Selective catalytic reduction for the removal of nitrogen oxides and catalyst body thereof

Abstract

A selective catalytic reduction body for the removal of nitrogen oxides (NO x ), comprising about 5 to 80% by weight of vanadium, about 0 to 60% by weight of molybdenum, about 0 to 20% by weight of nickel and about 0 to 20% by weight of cobalt, which catalytic body is economically favorable in production cost and superior in removing the nitrogen oxides from exhaust gas, can keep is activity high for a long time by virtue of excellent thermal resistance and poison resistance to sulfur oxides and other chemicals, exhausts un-reacted ammonia and heavy metal fly ash at the lowest amount, and allows the catalyst volume necessary to obtain the same removal degree and the pressure loss attributed to the volume to be minimized.

Claims

What is claimed is: 1. A selective catalytic reduction for the removal of nitrogen oxides, which has a size of about 100 to 800 mesh and comprises about 5 to 80% by weight vanadium, about 0 to 60% by weight of molybdenum, about 0 to 20% by weight of nickel and about 0 to 20% by weight of cobalt, prepared from a spent catalyst composition from heavy oil upgrading facilities of an oil refinery after a hydro-desulfurization process. 2. A selective catalytic reduction honeycomb for the removal of nitrogen oxides, which comprises about 5 to 40% by weight of vanadium, about 0.1 to 10% by weight of molybdenum, about 0.1 to 5% by weight of iron, about 0.1 to 5% by weight of nickel, about 20 to 50% by weight of alumina, and about 0.1 to 2% by weight of cobalt, prepared from a spent catalyst composition from heavy oil upgrading facilities of an oil refinery after a hydro-desulfurization process. 3. A method for removing nitrogen oxides out of exhaust gas containing oxygen and nitrogen oxides, wherein said exhaust gas is flowed through the selective catalytic reduction honeycomb of claim 2 at a temperature of 200 to 400° C. in the presence of ammonia, to selectively reduce the nitrogen oxides into nitrogen and water.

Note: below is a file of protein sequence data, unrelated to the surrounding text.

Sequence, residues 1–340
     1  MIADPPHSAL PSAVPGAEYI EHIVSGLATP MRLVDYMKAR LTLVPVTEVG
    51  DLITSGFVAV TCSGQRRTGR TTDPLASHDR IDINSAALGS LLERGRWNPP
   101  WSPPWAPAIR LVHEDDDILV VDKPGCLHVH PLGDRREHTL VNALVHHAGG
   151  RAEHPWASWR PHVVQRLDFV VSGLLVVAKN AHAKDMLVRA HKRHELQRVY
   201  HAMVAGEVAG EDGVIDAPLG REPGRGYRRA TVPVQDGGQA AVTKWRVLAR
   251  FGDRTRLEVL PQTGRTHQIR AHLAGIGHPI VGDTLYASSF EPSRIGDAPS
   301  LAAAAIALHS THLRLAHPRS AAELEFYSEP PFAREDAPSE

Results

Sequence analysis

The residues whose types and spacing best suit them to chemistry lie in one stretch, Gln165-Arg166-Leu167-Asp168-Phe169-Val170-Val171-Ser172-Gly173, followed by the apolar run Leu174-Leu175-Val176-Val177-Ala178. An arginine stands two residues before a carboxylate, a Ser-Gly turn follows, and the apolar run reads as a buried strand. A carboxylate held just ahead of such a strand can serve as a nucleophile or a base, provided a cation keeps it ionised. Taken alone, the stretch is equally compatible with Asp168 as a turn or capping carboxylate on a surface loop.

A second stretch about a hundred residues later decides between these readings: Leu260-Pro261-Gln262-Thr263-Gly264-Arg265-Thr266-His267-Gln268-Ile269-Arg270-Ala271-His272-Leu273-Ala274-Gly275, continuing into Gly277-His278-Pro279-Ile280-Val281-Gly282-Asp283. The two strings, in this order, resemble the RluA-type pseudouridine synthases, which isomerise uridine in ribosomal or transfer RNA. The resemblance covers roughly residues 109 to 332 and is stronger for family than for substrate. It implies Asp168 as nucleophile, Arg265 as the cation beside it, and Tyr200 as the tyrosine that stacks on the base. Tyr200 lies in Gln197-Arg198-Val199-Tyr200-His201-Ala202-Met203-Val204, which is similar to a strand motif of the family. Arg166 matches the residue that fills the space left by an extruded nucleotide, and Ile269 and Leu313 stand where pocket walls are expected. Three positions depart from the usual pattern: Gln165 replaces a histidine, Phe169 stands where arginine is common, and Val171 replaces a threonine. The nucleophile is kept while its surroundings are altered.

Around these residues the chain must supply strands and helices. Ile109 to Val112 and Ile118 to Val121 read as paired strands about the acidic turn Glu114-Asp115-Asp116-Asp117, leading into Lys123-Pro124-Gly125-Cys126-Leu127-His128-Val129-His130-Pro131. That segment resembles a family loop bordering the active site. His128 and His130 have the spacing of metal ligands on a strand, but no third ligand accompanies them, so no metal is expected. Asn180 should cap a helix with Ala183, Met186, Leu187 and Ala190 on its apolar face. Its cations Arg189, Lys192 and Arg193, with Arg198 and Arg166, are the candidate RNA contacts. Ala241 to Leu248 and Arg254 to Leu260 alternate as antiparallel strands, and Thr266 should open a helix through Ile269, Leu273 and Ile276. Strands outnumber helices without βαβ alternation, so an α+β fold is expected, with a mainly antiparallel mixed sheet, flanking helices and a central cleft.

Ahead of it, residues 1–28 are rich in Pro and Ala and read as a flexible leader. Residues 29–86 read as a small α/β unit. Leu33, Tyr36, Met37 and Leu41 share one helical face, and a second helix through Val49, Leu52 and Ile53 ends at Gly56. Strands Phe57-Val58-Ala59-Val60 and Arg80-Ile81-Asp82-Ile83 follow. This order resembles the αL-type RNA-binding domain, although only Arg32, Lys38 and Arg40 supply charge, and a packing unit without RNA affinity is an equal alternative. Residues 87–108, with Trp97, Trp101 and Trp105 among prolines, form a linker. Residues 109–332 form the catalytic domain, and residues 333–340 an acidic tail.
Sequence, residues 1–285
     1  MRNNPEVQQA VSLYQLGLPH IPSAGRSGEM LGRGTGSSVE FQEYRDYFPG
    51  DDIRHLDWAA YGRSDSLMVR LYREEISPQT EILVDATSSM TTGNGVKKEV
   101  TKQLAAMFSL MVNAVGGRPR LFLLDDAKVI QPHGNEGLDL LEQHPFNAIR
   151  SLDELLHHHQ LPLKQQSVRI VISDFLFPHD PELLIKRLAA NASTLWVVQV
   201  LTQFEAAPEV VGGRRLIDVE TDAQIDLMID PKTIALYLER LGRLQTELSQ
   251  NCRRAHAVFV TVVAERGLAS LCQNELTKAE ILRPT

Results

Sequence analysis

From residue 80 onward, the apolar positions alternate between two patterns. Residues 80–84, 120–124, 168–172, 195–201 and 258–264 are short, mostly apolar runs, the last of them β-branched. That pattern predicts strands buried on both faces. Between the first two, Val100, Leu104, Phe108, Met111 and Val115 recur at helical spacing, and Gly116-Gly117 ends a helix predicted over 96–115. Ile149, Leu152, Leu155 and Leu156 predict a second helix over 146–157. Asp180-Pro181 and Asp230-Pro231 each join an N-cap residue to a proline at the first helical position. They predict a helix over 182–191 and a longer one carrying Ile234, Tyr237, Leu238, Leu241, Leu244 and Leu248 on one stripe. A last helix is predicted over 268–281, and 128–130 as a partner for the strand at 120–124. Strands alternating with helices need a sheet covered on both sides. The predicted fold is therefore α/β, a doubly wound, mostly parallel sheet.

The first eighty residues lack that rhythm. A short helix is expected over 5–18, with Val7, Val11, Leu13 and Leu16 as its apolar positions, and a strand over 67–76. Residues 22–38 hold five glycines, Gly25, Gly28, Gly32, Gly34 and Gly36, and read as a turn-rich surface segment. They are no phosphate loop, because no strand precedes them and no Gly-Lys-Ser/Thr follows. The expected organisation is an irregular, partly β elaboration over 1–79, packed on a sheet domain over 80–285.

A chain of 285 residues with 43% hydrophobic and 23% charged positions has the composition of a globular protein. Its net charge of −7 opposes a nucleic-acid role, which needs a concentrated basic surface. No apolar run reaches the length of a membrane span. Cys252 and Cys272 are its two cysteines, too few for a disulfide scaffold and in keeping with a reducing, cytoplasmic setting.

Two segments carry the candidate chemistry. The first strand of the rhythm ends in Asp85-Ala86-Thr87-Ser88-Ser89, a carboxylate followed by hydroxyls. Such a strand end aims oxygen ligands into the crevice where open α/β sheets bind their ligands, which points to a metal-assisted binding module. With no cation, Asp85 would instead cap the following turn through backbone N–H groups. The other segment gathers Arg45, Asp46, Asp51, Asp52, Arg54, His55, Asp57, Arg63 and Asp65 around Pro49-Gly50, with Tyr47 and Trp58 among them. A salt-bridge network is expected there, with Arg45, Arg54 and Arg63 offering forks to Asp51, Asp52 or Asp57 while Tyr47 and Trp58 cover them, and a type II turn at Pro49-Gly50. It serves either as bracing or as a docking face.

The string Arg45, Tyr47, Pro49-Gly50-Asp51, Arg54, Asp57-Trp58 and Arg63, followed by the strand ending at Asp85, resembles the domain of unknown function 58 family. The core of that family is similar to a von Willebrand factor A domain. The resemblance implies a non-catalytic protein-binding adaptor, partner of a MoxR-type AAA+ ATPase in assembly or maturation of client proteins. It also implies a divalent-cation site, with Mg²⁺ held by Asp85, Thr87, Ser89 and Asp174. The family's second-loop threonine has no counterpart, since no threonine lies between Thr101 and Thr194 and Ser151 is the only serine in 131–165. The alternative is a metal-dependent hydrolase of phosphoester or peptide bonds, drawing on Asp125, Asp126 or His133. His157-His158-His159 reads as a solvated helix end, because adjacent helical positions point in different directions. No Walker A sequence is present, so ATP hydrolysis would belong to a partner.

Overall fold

BACKGROUND OF THE INVENTION 1. Field of the invention The present invention relates to a selective catalytic reduction for the removal of nitrogen oxides (NO x ) and a catalyst body thereof. More particularly, the present invention relates to a selective catalytic reduction for the removal of nitrogen oxides, prepared from a spent catalyst composition from heavy oil upgrading facilities of an oil refinery after a hydro-desulfurization process, superior in thermal and chemical stability and economically favorable in production cost and a catalyst body comprising the same. 2. Description of the Prior Art Nitrogen oxides are inevitably generated in the plants which employ fossil fuels, such as power plants and chemical plants. Nitrogen oxides are found to be an immediate cause of the air pollution, such as acid rain and smog, and the permissible discharge standard, therefore has recently been strengthened. Generally, nitrogen oxides are generated upon the oxidation of nitrogen monooxides in a high temperature combustion equipment or the reaction of nitrogen with oxygen in an excess of air. To eliminate the root of nitrogen oxides, there have been made many attempts for the improvement of the combustion condition, such as low oxygen combustion and exhaust gas circulation. However, the nitrogen oxides cannot be completely eliminated only by the improvement in combustion technique and thus, there are developed and suggested various post-treatment techniques by which the exhaust; gas is deprived of nitrogen oxides. Depending on whether a solution is used or not, techniques for denitrifying exhaust gas are classified generally into two: wet method and dry method. Now, it is known that the latter is more advantageous in investment, operation cost, and the treatment of secondary waste than the former. Of them, the most frequently used technique is the selective catalytic reduction in which nitrogen oxides are decomposed into water and nitrogen in the presence of a catalyst using ammonia as a reducing agent. As many as tens of selectively reducing catalysts have been disclosed in patents, thus far and they are very various in types and shapes. According to a general classification, there are catalysts containing the precious metals of the platinum group, catalysts containing the oxides of metals, such as iron, cobalt, nickel and molybdenum, zeolite catalysts containing ion-exchanged copper, and catalysts consisting mainly of vanadium and titanium. U.S. Pat. No. 3,993,572 discloses a catalyst containing a metal of the platinum group, a rare-earth metal and alumina, which is impregnated in a carrier such as ceramic honeycomb. U.S. Pat. No. 4,018,710 discloses a catalyst comprising a cerium oxide and a nickel oxide in combination with various amounts of rhodium or ruthenium. The patent also suggests that a metal sulfide, such as copper sulfide or potassium sulfide, may be added to the catalyst in order to prevent ammonia from occurring. U.S. Pat. No. 4,052,337 discloses a catalyst comprising a natural or synthetic zeolite ion-exchanged with copper or alkali metal, which is useful to remove nitrogen oxides in the presence of ammonia. In U.S. Pat. No 4,010,238 is disclosed that the nitrogen oxides are selectively removed from exhaust gas by use of a metal oxide catalyst in which vanadium is combined with one selected from the group consisting of copper, zinc, tin, lead, titanium, phosphorus, chrome, iron, cobalt and nickel. U.S. Pat. No. 4,048,112 introduces a catalyst comprising a vanadium oxide impregnated in a titanium oxide carrier of an anatase form, with which nitrogen oxides can be removed out of exhaust gas in the presence of ammonia. U.S. Pat. No. 4,085,193 describes a catalyst in which titania is combined with at least one selected from the oxides of molybdenum, tungsten, iron, vanadium, nickel, cobalt, copper, chrome and uranium. Although the catalysts and processes described in the above-cited patents are well known in the aspect of technical perfection and commercialization and frequently put in practice, it is widely recognized the need of a more improved catalyst when considering the thermal resistance required for the treatment of hot exhaust gas, the durability to the heavy metals or sulfur oxides of exhaust gas, the secondary pollution attributable to the use of catalyst and ammonia, and economical profit. SUMMARY OF THE INVENTION Intensive research repeated by the present inventors aiming to develop a cheap catalyst superior in removing nitrogen oxides out of exhaust gas resulted in the finding that the catalyst composition wasted from the heavy oil upgrading facilities of an oil refinery after a hydro-desulfurization process is capable of selectively reducing nitrogen oxides in the exhaust gas with a high efficiency. Therefore, it is an object of the present invention to provide a selective catalytic reduction for the removal of nitrogen oxides. It is another object of the present invention to provide the selective catalytic reduction body for the removal of nitrogen oxides, which is superior to conventional catalysts in removing the nitrogen oxides, can keep its activity high for a long time by virtue of excellent thermal resistance and poison resistance to sulfur oxides and other chemicals, exhausts un-reacted ammonia and heavy metal fly ash at the lowest amount, and allows the catalyst volume necessary to obtain the same removal degree and the pressure loss attributed to the volume to be minimized. It is a further object of the present invention to provide a method for removing nitrogen oxides out of exhaust gas containing oxygen and nitrogen oxides to selectively reduce the nitrogen oxides into nitrogen. In accordance with an aspect of the present invention, there is provided a selective catalytic reduction for the removal of nitrogen oxides, which has a size of about 100 to 800 mesh and comprises about 5 to 80% by weight of vanadium, about 0 to 60% by weight of molybdenum, about 0 to 20% by weight of nickel and about 0 to 20% by weight of cobalt. In accordance with another aspect of the present invention, there is provided a selective catalytic reduction body for the removal of nitrogen oxides, which comprises about 5 to 40% by weight of vanadium, about 0.1 to 10% by weight of molybdenum, about 0.1 to 5% by weight of iron, about 0.1 to 5% by weight of nickel, about 20 to 50% by weight of alumina, and about 0.1 to 2% by weight of cobalt. In accordance with still another aspect of the present invention, there is provided a method for removing nitrogen oxides out of exhaust gas containing oxygen and nitrogen oxides, wherein said exhaust gas is flowed through the catalyst body of the present invention at a temperature of 200 to 400° C. in the presence of ammonia, to selectively reduce the nitrogen oxides into nitrogen and water. DETAILED DESCRIPTION OF THE INVENTION A spent catalyst composition from heavy oil upgrading facilities of an oil refinery after a hydro-desulfurization process, typically comprises vanadium, molybdenum, nickel, cobalt, alumina and trace elements. For example, the amount of vanadium in the spent catalyst ranges from about 0 to 80%, molybdenum from about 0 to 80 %, nickel from about 0 to 20%, cobalt from about 0 to 10%, alumina from about 0 to 99% and trace elements. Besides the above components, impurities, such as moisture, oil and sulfur compounds, are present in the spent catalyst composition. In order to convert the spent catalyst composition into a useful catalyst of the present invention, the impurities should be eliminated. For this, the spent catalyst composition is preferably heated at a temperature of about 400 to 900° C. for about 0.5 to 5 hours and then, pulverized to a powder with a size of about 100 to 800 mesh. For example, if the heating temperature is below 400° C., the impurities are incompletely removed. On the other hand, if the heating temperature is higher than 900° C., not only is energy wasted but the catalytic components in the spent catalyst composition are deleteriously affected. In addition, when the powder is less than 100 mesh in size, it is difficult to obtain a homogeneously mixed slurry in a subsequent process. If the powder is more than 800 mesh in size, it becomes poor in durability at high temperature. According to uses, such spent catalyst composition as pre-treated above is formulated within the chemical composition range comprising about 5 to 80% of vanadium, about 0 to 60% of molybdenum, about 0 to 20% of nickel, and about 0 to 20% of cobalt. The resulting composition is then used as a material for a deposit support and a catalyst body of the present invention. Therefore, the selective catalytic reduction prepared as above ranges, in size, from about 100 to 800 mesh and comprises about 5 to 80% by weight of vanadium, about 0 to 60% by weight of molybdenum, about 0 to 20% by weight of nickel and about 0 to 20% by weight of cobalt based on the total weight of the powder. A catalyst body can be prepared, as mentioned above, from the selective catalytic reduction by a method, wherein the catalyst powder is mixed with water at a predetermined ratio to give a catalyst slurry which is subsequently deposited in a ceramic honeycomb, followed by calcining the ceramic honeycomb. In more detail, first, the catalyst powder is mixed with about 50 to 500% by weight of water and then, added with alkali or acid to give a slurry having a viscosity of 40 to 400 cps and a pH of about 3 to 6. By virtue of the adjustment in viscosity and pH, the catalyst slurry can be deposited in a ceramic honeycomb with excellent adhesive strength and uniformity in distribution. Thereafter, the catalyst slurry is deposited in a ceramic honeycomb at an amount of about 5 to 200 g per liter of the ceramic honeycomb and then, calcined at about 100 to 800° C. and preferably at 400 to 600° C., to yield a catalyst body. When the catalyst slurry is deposited in the honeycomb less than an amount of 5 g/liter, the resulting catalyst body has an insufficient surface area so that its catalytic activity is lowered. On the other hand, deposition of more than 200 g of the catalyst slurry per liter of the honeycomb requires excess gas pressure, lowering the operation efficiency of the process. The selective catalytic reduction body thus obtained by the above procedure comprises about 5 to 40% by weight of vanadium, about 0.1 to 10% by weight of molybdenum, about 0.1 to 5% by weight of iron, about 0.1 to 5% by weight of nickel, about 20 to 50% by weight of alumina and about 0.1 to 2% by weight of cobalt. When exhaust gas containing oxygen and/or nitrogen oxide is treated in a reactor loaded with the catalyst body while supplying ammonia to the reactor, nitrogen oxides are selectively reduced out of the exhaust gas. Consequently, when the exhaust gas generated from the plants which employ fossil fuels is treated with the catalyst body of the present invention, it is superior in stability to high temperature and chemical stability to the sulfur oxides contained in the exhaust gas, so that it can remove nitrogen oxide out of the exhaust with a high efficiency while keeping its ability to selectively reduce nitrogen oxide for a long time. A significant advantage of the present invention is that the catalyst body of the present invention is very economically favorable because it is prepared from the spent catalyst composition, a by-product of an oil refinery. A better understanding of the present invention may be obtained in light of following examples which are set forth to illustrate, but are not to be construed to limit, the present invention. EXAMPLE 100 kg of a spent catalyst composition from heavy oil upgrading facilities after hydro-desulfurization process, was heated at an elevation rate of 20° C./min up to about 550° C. which was maintained for about 2 hours and, then, cooled in a furnace. The resulting composition was pulverized into a powder with a size of 200 mesh. An ICP analysis showed that it had a chemical composition as given in Table 1 below. TABLE 1 Chemical Composition of Spent Catalyst (ICP Analysis) Elements Al V Fe Ni Co Mo O others Content (wt %) 31.7 11.3 0.5 3.4 0.8 2.7 26.3 23.3 Table 2 below showed the change of the specific surface area of the spent catalyst with temperature. As shown, the heating at a temperature lower than 500° C. could not remove impurities completely whereas the heating at a temperature as high as or higher than 1,000° C. degraded the catalyst components, destroying the pores of the catalyst. TABLE 2 Change of Specific Surface Area in Spent Catalyst with Heating Temperature Heating BET Area Diameter Volume Temp. (m 2 /g) of pore (Å) of pore (cc/g) — 20.2  66 0.067 300 9.50 127 0.060 500 13.3 114 0.076 800 18.7 116 0.108 1000  0.81 — — 1100  0.82 — — According to uses, the spent catalyst as pre-treated above was formulated within a chemical composition comprising 5 to 80% of vanadium, 0 to 60% of molybdenum, 0 to 20% of nickel and 0 to 20% of cobalt to give a series of catalyst powders (hereinafter referred to as “YK-R”), as shown in Table 3 below. TABLE 3 Chemical Composition of YK-R Catalyst Al V Fe Ni Co Mo O Cr Cu Others YK-R-1 31.7 11.3 0.5 3.4 0.8 2.7 26.3 0.7 0 balance YK-R-2 31.7 11.3 1.1 3.4 0.8 2.7 26.3 0.7 0 balance YK-R-3 31.7 11.3 2.2 3.4 0.8 2.7 26.3 0.7 0 balance YK-R-4 31.7 11.3 0.5 3.4 0.8 2.7 26.3 1.1 0 balance YK-R-5 31.7 11.3 0.5 3.4 0.8 2.7 26.3 2.2 0 balance YK-R-6 31.7 11.3 0.5 3.4 0.8 2.7 26.3 0.7 0.5 balance A ceramic honeycomb monolith with 400 cpsi was cut into a dimension of. 2.5 cm×2.5 cm×2.5 cm. Separately, 1000 g of YK-R-1 powder was mixed with 900 g of water and pulverized for 24 hours to give a slurry which was, then, added with conc. acetic acid and ammonia water with stirring, in order to control its pH and viscosity to 4.5 and 95 cps, respectively. The ceramic honeycomb monolith was plunged in the slurry and heated at a heating rate of 20° C./min up to 120° C. which was maintained for 10 hours, and then up to 550° C. which was maintained for 2 hours. As a result, a catalyst specimen in which 1.3 g of the YK-R-1 was impregnated was prepared. CATALYST ACTIVITY TEST 1. Test Condition The catalyst specimen obtained in Example was filled in the center of a reactor which was, then, fed with reaction gas having such a gas composition as given in Table 4 below. Under the reaction condition of Table 4, the catalyst specimens were tested for the activity of NO removal and the results are given as shown in Table 5, below. When preparing the deposit support, the catalyst was calcined at a temperature of 400° C., 500° C. and 600° C., to produce Sample 1, Sample 2 and Sample 3, respectively. TABLE 4 Test Condition Reaction Condition Gas Composition Space Velocity React. Temp. NO NH 3 SO 2 O 2 N 2 (hr −1 ) (° C.) (ppm) (ppm) (%) (%) (%) 10,000-50,000 150-500 1000 1000 0-10 1-10 bal- ance 2. Results of Activity Test After the activity test for the removal of NO, an analysis for the catalysts of different calcining temperatures showed that the catalyst calcined at a temperature of 400 to 600° C. had a conversion efficiency of 98% or more, the highest conversion efficiency of the catalysts, at a reaction temperature of 270 to 320° C. In contrast, the catalysts calcined at a temperature either higher than 600° C. or lower than 400° C. were of poor activity. As for the reaction temperature, it was obtained by averaging the inlet temperature and the outlet temperature of the reactor. The conversion efficiency according to the reaction temperatures and the calcining temperatures is given as shown in Table 5 below. TABLE 5 Test Result of Catalyst Activity NO Removal (%) Space Reaction Sample 1 Sample 2 Sample 3 Velocity (hr −1 ) Temp. (° C.) 400° C. 500° C. 600° C. 25,000 200 59.2 72.2 58.5 25,000 250 81.8 92.8 83.8 25,000 300 93.2 97.5 94.6 25,000 350 94.1 90.7 84.4 25,000 400 66.5 41.7 28.9 As apparent from the above data, the best catalyst activity was obtained when the pre-treatment condition of spent catalyst was 500° C. Table 6 below shows the conversion rates of a series of YK-Rs which each were pre-treated at 500° C. but different in chemical composition. TABLE 6 Activity according to Catalyst Composition Reaction NO Removal (%) Temp. (° C.) YK-R-1 YK-R-2 YK-R-3 YK-R-4 YK-R-5 YK-R-6 200 72.2 55 60.4 55 50 72.2 250 92.8 80 85 80 72 92 300 97.5 90.2 95 92 87 95 350 90.7 90 90 95 90 91 400 67.7 75 70 85 80 65 SO 2 ADSORPTION TEST To compare the SO 2 adsorption of alumina, zeolite, titania and a catalyst prepared from YK-R-1, SO 2 gas was flowed through a U-shaped glass reactor and the amounts of SO 2 adsorbed were measured by using a thermal conductivity detector. The adsorbed amounts at room temperature were in the order of alumina>zeolite>titania>YK-R-1. From this analysis that YK-R-1 adsorbed little SO 2 while alumina did a lot, it could be deduced that the active point of the catalyst from YK-R-1 was minimally occupied by SO 2 so that it was of large poison resistance to sulfur dioxide. 10 mim after flowing SO 2 , the adsorbed amounts are measured and the results are given as shown in Table 7 below. TABLE 7 SO 2 ADSORPTION TEST (300° C.) Catalytic Element Alumina Zeolite Titania YK-R-1 Adsorption (Id Units) 2340 600 240 72 SO 2 INACTIVATION AND LONG-TERM DURABILITY TEST While being exposed to 1% SO 2 , the YK-R-1 catalyst was subjected to the same activity test as above. The activity of the catalyst was found to be little changed. The results are given as shown in Table 8 below. TABLE 8 Change of Catalytic Activity with SO 2 -Exposure Time Exposure Time Temp. (° C.) 0 hr 6 hr 15 hr 2 days 3 days 4 days 200 72.2 55.5 48.8 48.5 50.2 51.2 250 92.2 80.6 74.9 74.8 75.7 77.7 300 97.5 94.2 91.5 88.7 90.9 91.9 350 90.7 97.6 95.4 78.4 95.1 95.8 400 41.7 87.9 86.6 57.5 88.1 87.8 As described hereinbefore, the catalyst of the present invention is superior to conventional catalysts in removing nitrogen oxides and can keep its activity high for a long time by virtue of excellent thermal resistance and poison resistance to sulfur oxides and other chemicals. In addition, the catalyst reactor loaded with the catalyst exhausts un-reacted ammonia and heavy metal fly ash at the lowest amount. Further, the catalyst of the present invention is very economically favorable in production cost. Another advantage of the present invention is that the catalyst volume necessary to obtain the same removal degree and the pressure loss attributed to the volume are minimized. The present invention has been described in an illustrative manner, and it is to be understood the terminology used is intended to be in the nature of description rather than of limitation. Many modifications and variations of the present invention are possible in light of the above teachings. Therefore, it is to be understood that within the scope of the appended claims, the invention may be practiced otherwise than as specifically described.